Gene Therapy Restores Blood Sugar Control to Near Normal
WebMD News Archive
Several research teams in Asia, Europe, and North America are working on gene therapy strategies for promoting long-term insulin production in the liver to treat type 1 diabetes. One of the barriers to this form of therapy, however, is that once you've turned on production of insulin, you have to find a way to turn it off to avoid the problems associated with hypoglycemia, a condition caused by extremely low blood sugar levels, which can cause loss of consciousness, diabetic comas, and in extreme cases, death.
"Unlike other areas of gene therapy where you're missing some gene and it doesn't make a difference how much of the protein it makes, with insulin it's a double-edged sword: You not only have to make ... [enough] insulin ... you have to stop making the insulin when you don't need it," says Alvin Powers, MD, associate professor of medicine at Vanderbilt University and a physician in the Department of Veterans Affairs Medical Center in Nashville, Tenn., who reviewed the study for WebMD.
To do an end-run around the problem of maintaining proper glucose levels, the researchers added to their gene package a portion of a liver gene that is activated in response to changes in glucose levels.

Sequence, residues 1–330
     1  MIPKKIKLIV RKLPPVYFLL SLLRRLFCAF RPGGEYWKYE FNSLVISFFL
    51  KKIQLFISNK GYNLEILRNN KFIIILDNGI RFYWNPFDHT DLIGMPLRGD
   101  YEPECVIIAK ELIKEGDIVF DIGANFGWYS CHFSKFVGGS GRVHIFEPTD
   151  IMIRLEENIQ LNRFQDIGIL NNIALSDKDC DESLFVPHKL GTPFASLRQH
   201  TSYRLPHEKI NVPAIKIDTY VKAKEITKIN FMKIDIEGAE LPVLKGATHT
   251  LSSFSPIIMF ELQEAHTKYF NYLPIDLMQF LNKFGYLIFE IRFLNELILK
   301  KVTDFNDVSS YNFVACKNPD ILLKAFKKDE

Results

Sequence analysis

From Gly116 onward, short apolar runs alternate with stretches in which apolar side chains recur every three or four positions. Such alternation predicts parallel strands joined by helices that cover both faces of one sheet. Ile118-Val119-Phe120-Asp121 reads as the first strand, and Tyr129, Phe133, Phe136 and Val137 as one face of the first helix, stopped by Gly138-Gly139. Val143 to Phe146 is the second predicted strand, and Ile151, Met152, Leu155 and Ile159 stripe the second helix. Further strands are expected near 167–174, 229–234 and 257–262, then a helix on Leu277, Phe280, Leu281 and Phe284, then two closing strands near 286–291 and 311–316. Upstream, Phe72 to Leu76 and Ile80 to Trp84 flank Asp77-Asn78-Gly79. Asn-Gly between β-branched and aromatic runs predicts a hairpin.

"The new twist here is that they have engineered the cells so that not only do they make 'insulin,' but they also are regulated in their level of 'insulin,' and that the blood sugar and the 'insulin' level and the amount of 'insulin' that's put out or secreted by the liver cells is related," Powers says.
"But rodents are quite different from humans, with respect to maintaining glucose levels, and extending these results to human physiology may prove a challenge," writes Jerrold Olefsky, MD, from the University of California at San Diego, in an editorial accompanying the study. He notes that mice and rat livers produce glucose at much higher rates than human livers do, "so small effects of insulin on the liver may be able to control post-eating glucose levels in rodents, but may be less effective in humans."